In a Viennese underworld that’s somewhere between the theatrical glam of Fassbinder’s Querelle and the cinéma du look of 1980s France, Patric Chiha (Domain) follows a group of Bulgarian Roma who support their families back home by taking on gay sex work. Through stylized interviews and staged situations, these (mostly straight) men frankly discuss their rates, customers’ requests, and the financial hardships they face. Nevertheless, the film never shies away from the inherent humor and playfulness of human sexuality: every aspect of desire gets burlesqued, be it cash or water sports. U.S. Premiere
“Casa Roshell,” Camila José Donoso, Chile, 2016, 71m, Spanish with English subtitles
Roshell Terranova, 51, is the co-owner of Club Roshell, a transgender club on an unassuming street in Mexico City that holds “personality workshops” for its clientele, offering tutorials on makeup, costumes, heels, and other accessories. A “safe space” in the sincerest sense, the club allows men to eschew the limits of macho culture, push the boundaries of their own gender, and, as Roshell emphasizes in an address to the club’s patrons, to own their identities and desires, to feel pretty and less alone. As with her previous feature, Naomi Campbel (an Art of the Real 2015 selection), Camila José Donoso’s richly detailed film immerses itself in its world, mixing digital, 16mm film, and even closed-circuit TV footage to locate a glamorous utopia within the confines of the club. New York Premiere
“The Dazzling Light of Sunset,” Salomé Jashi, Georgia/Germany, 2016, 74m, Georgian with English subtitles
Beautifully shot and strangely comic, Salomé Jashi’s documentary follows Dariko and Khaka, an ultra-low-budget local news team in rural Georgia. Whether it’s elections, death announcements, a rare owl, or an oddly stressful fashion show for prepubescent and teenage girls, the pair approach each story without ego and with absolute professionalism, managing every aspect of reporting and production themselves. Through subtle editing choices, Jashi suggests that nothing truly changes in this former Soviet satellite—but allows her subjects to have one last acerbic word on the matter of representation. New York Premiere
“Dark Skull,” Kiro Russo, Bolivia/Qatar, 2016, 80m, Spanish with English subtitles
A hybrid work set in the uniquely rough world of the Bolivian mines, Dark Skull is a character drama and an idiosyncratic portrait of workers’ daily lives. The narrative unfolds around the troubled and troublesome Elder, sent to live with his grandmother in Huanuni, a small country town in Bolivia. Once there, Elder proves a constant embarrassment to his godfather, Francisco, frequently skipping work to get drunk or high. But his off-the-clock activities eventually lead him to a dark secret about Francisco’s involvement in his father’s death. Shot largely inside the mines, and made in collaboration with the miners’ union, Kiro Russo’s elegant and formally daring film employs an ambitious structure and gorgeous cinematography to express the nuances and codes of the workers. New York Premiere
Doppelgänger: a cine-performance by Basma Alsharif, 2014, 45m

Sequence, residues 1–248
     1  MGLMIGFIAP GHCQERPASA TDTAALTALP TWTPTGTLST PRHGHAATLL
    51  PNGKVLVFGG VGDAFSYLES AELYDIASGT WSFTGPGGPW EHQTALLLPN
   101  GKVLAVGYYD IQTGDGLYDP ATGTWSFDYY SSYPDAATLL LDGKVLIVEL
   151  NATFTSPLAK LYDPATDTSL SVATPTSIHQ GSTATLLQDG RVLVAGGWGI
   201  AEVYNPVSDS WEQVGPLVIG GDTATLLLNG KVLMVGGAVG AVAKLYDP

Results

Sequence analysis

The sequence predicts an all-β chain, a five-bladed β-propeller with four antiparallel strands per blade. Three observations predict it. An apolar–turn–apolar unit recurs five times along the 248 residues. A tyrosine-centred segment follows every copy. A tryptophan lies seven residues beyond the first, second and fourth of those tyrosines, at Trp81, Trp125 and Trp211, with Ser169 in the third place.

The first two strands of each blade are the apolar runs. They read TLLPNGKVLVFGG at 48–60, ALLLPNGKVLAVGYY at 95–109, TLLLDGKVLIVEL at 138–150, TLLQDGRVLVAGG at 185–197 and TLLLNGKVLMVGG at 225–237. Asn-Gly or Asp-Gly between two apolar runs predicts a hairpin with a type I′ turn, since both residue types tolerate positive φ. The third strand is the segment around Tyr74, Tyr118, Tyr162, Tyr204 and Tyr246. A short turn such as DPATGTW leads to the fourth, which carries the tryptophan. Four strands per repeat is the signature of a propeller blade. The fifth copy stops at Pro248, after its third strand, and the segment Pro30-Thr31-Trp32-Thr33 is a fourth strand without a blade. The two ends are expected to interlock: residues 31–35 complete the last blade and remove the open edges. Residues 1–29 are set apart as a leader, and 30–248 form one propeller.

In Doppelgänger, which premiered at the Berlin Documentary Forum, and has since been performed at the Sharjah Biennial and in Gwangju, South Korea, artist and filmmaker Basma Alsharif examines her own family history and the concept of the double in a performance that reflexively weaves together the Occupation of Palestine, narrative cinema, and the possibility for Utopia. In reference to her own practice, Alsharif proposes how bilocation and doubling might enable the moving image to embody the Palestinian perspective, and invites the audience to engage in a new kind of voluntary collective memory. U.S. Premiere
“Empathy,” Jeffrey Dunn Rovinelli, USA, 2016, 83m
This rigorous yet sensitive debut from Jeffrey Dunn Rovinelli follows Em, a queer sex worker, as she moves between New York City and her native Pittsburgh, struggling to kick her heroin addiction and get on with her life. With intimate access to seemingly all aspects of her life—her friends, lovers, clients, and Em alone—we witness firsthand the difficulties of getting clean and are given a stark but touching image of what it means to be young and at odds with oneself today. Elegantly shot on a mixture of digital and Super 16mm film and suffused with an intricate and atmospheric score, Empathy deftly chronicles its subject’s attempts to regain (or preserve) a shred of autonomy and evokes both the tragedy and the comedy of dire personal struggles. North American Premiere
“From a Year of Non-Events,” Ann Carolin Renninger & René Frölke, Germany, 2017, 83m, German with English subtitles
The latest by Renninger and Frölke (Le Beau danger) tenderly traces the daily rhythms and rituals of 90-year-old Willi Detert on his rural northern German farm by way of an elegantly interwoven tapestry of 16mm and Super 8mm images. With Willi no longer able to work the land, the farm’s grounds are overrun and his house is littered with physical remnants of days gone by (and cats). In his presence, time itself passes in an altogether distinctive way, and the filmmakers meticulously capture this present speckled with the past. From a Year of Non-Events leaves us with a rich sense of both a man and a place as conduits for history. North American Premiere
“Gray House,” Austin Lynch & Matthew Booth, USA, 2017, 76m